The Tibetan cultural zone

tibet_provinces-1 (c) 2017

Today’s Tibet appear as the Tibetan Autonomous Region of China on maps, and yet there are more than the TAR that can be called Tibet. The traditional Tibetan cultural zone is subdivided into three major regions, and the Tibetan Autonomous Region was traditionally Ü-Tsang, while the other two being Amdo, which is the current Qinghai Province of China, and Kham which is located at the west of Sichuan Province.

Geography shapes culture, and the three main regions of Tibet has been shaped into distinctive branches of the greater Tibetan culture due to unique terrains and locations. Ü-Tsang, locating at the back of the Himalayas and the height of the Tibetan plateau, has been the political and cultural center of the old Tibetan Empire, and has formed a agricultural-oriented culture where more  people tend to settle in villages, towns, and cities, which has made it possible for art, economy, and religion to flourish。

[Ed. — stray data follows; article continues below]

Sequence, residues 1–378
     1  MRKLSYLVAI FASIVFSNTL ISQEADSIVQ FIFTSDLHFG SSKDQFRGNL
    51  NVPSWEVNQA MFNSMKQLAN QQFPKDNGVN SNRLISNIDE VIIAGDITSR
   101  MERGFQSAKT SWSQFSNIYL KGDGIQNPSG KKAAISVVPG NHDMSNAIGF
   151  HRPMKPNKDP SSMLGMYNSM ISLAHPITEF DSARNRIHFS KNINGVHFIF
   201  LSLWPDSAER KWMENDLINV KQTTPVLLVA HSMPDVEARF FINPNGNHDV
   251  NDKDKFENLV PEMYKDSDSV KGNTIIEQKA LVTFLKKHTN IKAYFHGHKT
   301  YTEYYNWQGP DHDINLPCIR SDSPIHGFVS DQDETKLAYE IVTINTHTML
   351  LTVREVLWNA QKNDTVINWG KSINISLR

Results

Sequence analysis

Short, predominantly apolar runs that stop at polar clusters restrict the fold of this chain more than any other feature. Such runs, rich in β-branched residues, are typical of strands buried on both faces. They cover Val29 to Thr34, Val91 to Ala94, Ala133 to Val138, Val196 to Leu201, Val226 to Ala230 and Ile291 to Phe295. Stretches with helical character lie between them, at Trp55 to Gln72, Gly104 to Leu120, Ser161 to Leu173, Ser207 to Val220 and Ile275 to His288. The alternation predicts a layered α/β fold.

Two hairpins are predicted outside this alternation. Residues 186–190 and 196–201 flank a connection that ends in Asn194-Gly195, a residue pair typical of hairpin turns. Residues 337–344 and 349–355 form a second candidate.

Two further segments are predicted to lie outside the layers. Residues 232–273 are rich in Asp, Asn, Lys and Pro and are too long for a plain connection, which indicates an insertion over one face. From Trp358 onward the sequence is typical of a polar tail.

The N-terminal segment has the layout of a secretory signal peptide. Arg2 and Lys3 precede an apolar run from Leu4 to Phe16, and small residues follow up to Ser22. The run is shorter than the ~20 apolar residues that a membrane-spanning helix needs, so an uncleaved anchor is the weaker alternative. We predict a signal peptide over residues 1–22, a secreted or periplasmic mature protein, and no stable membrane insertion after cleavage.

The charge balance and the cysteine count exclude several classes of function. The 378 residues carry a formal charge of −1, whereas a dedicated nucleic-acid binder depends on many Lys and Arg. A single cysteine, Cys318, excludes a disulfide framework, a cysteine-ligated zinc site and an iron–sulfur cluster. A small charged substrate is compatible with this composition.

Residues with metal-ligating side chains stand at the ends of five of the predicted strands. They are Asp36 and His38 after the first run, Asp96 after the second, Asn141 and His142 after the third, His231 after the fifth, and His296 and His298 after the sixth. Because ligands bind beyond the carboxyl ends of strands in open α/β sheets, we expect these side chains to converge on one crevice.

locating at the north of Ü-Tsang, Amdo or Qinghai has a less mild climate, and the vast land provides less to support human lives, and nomadic husbandry is more common here. people from the Amdo region are known for their generous and bright characteristics- their hearts are as vast as their homes.

The Kham region is much more colorful- grasslands, forests, green mountains; diversity is the word here. comes with the geographic diversity is the cultural diversity of Kham; unlike the solemn Ü-Tsang and the vast Amdo, Kham stands out for the fusion of cultures; Kham has been home to Tibetan people, Qiang people, Han people, and Hui Muslims for centuries, and they complement each others well.